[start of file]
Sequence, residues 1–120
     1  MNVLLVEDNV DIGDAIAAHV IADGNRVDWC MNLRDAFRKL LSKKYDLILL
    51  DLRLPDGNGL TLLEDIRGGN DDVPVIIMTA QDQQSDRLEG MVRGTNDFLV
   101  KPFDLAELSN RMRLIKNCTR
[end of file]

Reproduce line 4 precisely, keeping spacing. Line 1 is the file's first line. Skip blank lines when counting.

   101  KPFDLAELSN RMRLIKNCTR